My Galera set-up on Kubernetes and the Azure LoadBalancer in front of it seem to work nicely but one big TODO is to implement proper health checks. If a node is down, in maintenance or split from the network it should not be part of the LoadBalancer. The Azure LoadBalancer has support for custom HTTP probes and I wanted to write something very simple that handles the HTTP GET, opens a MySQL connection to the destination, check if it is connected to a primary. As this is about health checks the code should be small and reliable.
To improve my Go(-lang) skills I decided to write my healthcheck in Go. And it seemed like a good idea, Go has a powerful HTTP package, a SQL API package and two MySQL implementations. So the entire prototype is just about 72 lines (with comments and empty lines) and I think that qualifies as small. Prototyping the MySQL code took some iterations but in general it went quite quickly. But how reliable is it? Go introduced the nice concept of a context.Context. So any operation should be associated with a context and it should be passed as argument from one method to another. One can create a child context and associate it with a deadline (absolute time) or timeout (relative) and has a way to cancel it.
I grabbed the Context from the HTTP Request, added a timeout and called a function to do the MySQL check. Wow that was easy. Some polish to parse the parameters from the CLI and I am ready to deploy it! But let’s see how reliable it is?
I imagined the following error conditions:
- The destination IP is reachable but no one listening on the port. The TCP connection will fail quickly (SYN -> RST,ACK)
- The destination IP ends in a blackhole (no RST, ACK) received. One would have a large connect timeout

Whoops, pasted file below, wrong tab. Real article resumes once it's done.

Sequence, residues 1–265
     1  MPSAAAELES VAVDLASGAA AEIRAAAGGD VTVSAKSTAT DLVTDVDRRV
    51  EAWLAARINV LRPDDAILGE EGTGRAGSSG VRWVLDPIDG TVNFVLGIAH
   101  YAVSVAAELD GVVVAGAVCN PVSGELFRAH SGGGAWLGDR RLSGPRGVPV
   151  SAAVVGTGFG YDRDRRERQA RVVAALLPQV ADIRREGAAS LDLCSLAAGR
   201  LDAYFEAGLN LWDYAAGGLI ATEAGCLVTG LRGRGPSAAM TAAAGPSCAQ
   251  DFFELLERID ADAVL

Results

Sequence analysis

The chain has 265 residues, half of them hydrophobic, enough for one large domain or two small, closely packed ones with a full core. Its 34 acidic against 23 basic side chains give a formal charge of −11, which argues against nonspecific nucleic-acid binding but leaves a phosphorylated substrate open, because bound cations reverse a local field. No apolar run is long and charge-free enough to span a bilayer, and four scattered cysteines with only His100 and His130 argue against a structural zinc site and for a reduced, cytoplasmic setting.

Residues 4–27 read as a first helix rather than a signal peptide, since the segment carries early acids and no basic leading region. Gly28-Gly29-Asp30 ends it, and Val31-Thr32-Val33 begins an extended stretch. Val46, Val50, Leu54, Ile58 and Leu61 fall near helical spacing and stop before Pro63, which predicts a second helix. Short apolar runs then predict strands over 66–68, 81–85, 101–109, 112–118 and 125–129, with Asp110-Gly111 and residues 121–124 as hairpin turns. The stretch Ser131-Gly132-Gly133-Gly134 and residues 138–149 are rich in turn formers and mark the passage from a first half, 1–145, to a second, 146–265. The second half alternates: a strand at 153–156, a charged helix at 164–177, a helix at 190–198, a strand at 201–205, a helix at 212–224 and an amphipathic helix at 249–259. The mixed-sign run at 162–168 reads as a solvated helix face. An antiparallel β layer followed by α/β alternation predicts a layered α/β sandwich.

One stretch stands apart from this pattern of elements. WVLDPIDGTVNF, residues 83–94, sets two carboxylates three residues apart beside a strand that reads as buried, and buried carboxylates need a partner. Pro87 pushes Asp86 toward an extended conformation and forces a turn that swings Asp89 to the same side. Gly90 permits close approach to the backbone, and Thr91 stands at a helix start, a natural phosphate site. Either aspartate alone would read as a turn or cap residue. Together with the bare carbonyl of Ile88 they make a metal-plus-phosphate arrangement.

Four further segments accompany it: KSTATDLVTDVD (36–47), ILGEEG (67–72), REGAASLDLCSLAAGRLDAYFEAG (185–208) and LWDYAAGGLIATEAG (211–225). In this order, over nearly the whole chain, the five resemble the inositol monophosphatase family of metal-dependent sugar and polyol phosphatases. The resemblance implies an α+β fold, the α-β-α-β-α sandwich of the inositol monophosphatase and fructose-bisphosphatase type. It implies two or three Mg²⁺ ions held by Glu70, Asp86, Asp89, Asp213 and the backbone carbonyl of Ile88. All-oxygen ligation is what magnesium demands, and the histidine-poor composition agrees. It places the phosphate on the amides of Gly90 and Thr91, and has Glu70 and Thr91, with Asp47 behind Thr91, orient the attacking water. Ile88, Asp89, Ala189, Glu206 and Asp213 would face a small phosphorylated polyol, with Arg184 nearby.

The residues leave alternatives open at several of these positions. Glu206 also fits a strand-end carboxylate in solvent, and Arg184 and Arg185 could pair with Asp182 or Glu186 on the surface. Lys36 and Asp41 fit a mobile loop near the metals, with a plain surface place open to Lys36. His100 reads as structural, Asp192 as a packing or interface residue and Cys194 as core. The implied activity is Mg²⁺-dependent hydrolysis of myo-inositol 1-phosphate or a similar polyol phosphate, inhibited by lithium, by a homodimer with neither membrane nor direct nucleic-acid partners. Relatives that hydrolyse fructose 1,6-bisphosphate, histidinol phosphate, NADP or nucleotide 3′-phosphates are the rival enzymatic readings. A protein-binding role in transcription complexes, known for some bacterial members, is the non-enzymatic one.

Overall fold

- The Galera node (or machine hosting it) is overloaded. While the connect succeeds the authentication or a query might stall
- The Galera node is split and not a master
The first and fourth error conditions are easy to test/simulate and trivial to implement properly. I then moved to the third one. My first choice was to implement an infinitely slow Galera node and did that by using nc -l 3006 to accept a TCP connection and then send nothing. I made a healthprobe and waited… and waited.. no timeout. Not after 2s as programmed in the context, not after 2min and not after.. (okay I gave up after 30 min). Pretty discouraging!
After some reading and browsing I saw an open PR to add context.Context support to the MySQL backend. I modified my import, ran go get to fetch it, go build and retested. Okay that didn’t work either. So let’s try the other MySQL implementation, again change the package imports, go get and go build and retest. I picked the wrong package name but even after picking the right package this driver failed to parse the Database URL. At that point I decided to go back to the first implementation and have a deeper look.
So while many of the SQL API methods take a Context as argument, the Open one does not. Open says it might or might not connect to the database and in case of MySQL it does connect to it. Let’s see if there is a workaround? I could spawn a Go routine and have a selective receive on the result or a timeout. While this would make it possible to respond to the HTTP request it does create two issues. First one can’t cancel Go routines and I would leak memory, but worse I might run into a connection limit of the Galera node. What about other workarounds? It seems I can play with a custom parameter for readTimeout and writeTimeout and at least limit the timeout per I/O operation. I guess it takes a bit of tuning to find good values for a busy system and let’s hope that context.Context will be used more in more places in the future.